I recently saw a figure that was quite shocking. It is estimated that since 2000, 1.3 million Christians have been killed worldwide because of their faith. The majority of these have been killed by those who belong to Islam – by Muslims.
In northern Nigeria, the terrorist group Boko Haram is carrying out ethnic cleansing against Christians as they attack villages and slaughter the inhabitants. In Somalia and eastern Africa, Al Shabab executes Christians in the public square. In Egypt Christians are murdered and churches are burned. In Syria, groups associated with Al Qaeda demand that Christians convert to Islam or be killed on the spot. In Pakistan mobs attack churches and the homes of Christians. In Iraq, churches are bombed.
The reports about acts of violence by Muslims against Christians incites indignation at those who carry out such barbaric acts in the name of a religion. At the same time, the unrelenting flow of these kinds of stories does have a numbing effect. It is important that we are informed about what is happening to Christians around the world. But, we can almost get used to this kind of news – disturbing as it may be.
And then along comes a story like that of Sadia Ali Omar. Sadia and her cousin were executed by Al Shabab in Somalia because they were Christians. The residents of the village, including Sadia’s own fifteen and eight year old daughters, were forced to watch as the Muslims beheaded the two women. Sadia’s husband had previously died, and so the brutal act has left the two girls as orphans.
When we hear about something like this – and it by no means an isolated incident – our natural reaction is anger. The urge that rises up within us is hate for those who could do something so vicious and horrible. But as we listen to our text tonight from the Sermon on the Mount, Jesus says that this is not how it is to be for those who have received the saving reign of God. Instead those who have received the unmerited and undeserved love of God in Christ Jesus, share that love and forgiveness with others.
Our text this evening is the sixth and final time that Jesus set up the contrast, “You have heard that it was said … but I say to you.” Like the previous five times, Jesus once again takes up an interpretation of the Torah that was present in the Judaism of his day. He takes it up and rejects it as instead he provides the true and full interpretation.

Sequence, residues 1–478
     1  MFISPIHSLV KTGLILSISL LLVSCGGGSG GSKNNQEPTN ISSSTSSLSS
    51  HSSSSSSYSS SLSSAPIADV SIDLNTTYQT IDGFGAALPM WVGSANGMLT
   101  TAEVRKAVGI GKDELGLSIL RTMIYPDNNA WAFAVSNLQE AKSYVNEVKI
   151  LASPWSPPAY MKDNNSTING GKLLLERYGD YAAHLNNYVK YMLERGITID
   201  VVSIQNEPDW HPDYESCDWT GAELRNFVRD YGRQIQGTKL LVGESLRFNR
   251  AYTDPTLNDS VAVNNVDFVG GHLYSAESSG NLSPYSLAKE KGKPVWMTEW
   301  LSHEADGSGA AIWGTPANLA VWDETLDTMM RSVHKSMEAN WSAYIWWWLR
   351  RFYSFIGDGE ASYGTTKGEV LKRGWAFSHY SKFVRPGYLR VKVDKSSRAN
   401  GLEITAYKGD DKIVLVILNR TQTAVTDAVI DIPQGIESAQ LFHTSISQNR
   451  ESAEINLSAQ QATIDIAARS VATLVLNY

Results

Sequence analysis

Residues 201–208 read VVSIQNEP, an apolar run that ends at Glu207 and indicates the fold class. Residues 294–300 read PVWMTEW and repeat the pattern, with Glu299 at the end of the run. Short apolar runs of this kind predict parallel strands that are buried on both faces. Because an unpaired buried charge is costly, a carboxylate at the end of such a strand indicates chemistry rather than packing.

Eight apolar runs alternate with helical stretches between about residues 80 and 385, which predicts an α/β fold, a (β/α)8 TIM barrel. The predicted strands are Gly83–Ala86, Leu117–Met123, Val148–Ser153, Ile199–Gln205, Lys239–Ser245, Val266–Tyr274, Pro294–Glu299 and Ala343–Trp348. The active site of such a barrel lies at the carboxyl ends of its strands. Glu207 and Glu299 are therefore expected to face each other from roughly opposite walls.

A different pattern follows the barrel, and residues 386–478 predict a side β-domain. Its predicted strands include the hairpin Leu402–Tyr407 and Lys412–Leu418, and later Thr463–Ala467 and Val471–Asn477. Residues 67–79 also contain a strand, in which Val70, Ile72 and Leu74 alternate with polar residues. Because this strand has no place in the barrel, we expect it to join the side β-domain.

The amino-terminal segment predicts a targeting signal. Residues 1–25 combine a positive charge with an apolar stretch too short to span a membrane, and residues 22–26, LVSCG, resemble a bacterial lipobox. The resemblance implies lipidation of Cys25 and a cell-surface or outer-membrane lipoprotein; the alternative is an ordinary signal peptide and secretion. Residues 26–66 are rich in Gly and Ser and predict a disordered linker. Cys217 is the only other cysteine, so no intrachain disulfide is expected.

In our text, Jesus begins by saying, “You have heard that it was said, ‘You shall love your neighbor and hate your enemy.’” Now the book of Leviticus says, “You shall love your neighbor.” However, there is no text in the Old Testament that says, “You shall hate your enemy.” We have here the clearest proof that Jesus is taking up and correcting an interpretation of the Torah that was present in Judaism at that time. There is evidence that the Jews at Qumran who produced the Dead Sea Scrolls had a teaching of hatred about those outside their group.
There were Jews in the time of Christ who were saying, “You shall love your neighbor and hate your enemy.” However, Jesus responded, “But I say to you, Love your enemies and pray for those who persecute you, so that you may be sons of your Father who is in heaven. For he makes his sun rise on the evil and on the good, and sends rain on the just and on the unjust.”
Jesus tells us to love our enemies and to pray for those who persecute us. We do this in order to be what God has made us to be. We do this to live as sons and daughters of the our Father who is in heaven.
Now this is not how the world works. In the world, if someone does something to you, you get angry; you seek to get payback. You pay attention and look for an opportunity to get revenge. The hope is not only that you can hurt the other person, but instead to hurt them worse than that person hurt you. Of course, this action often prompts and an even greater reaction by the other person, and so an ascending spiral of anger and hate emerges. This is the way of the world. It is a way that still comes naturally for the old man within you. And it is often a way that you find difficult to relinquish.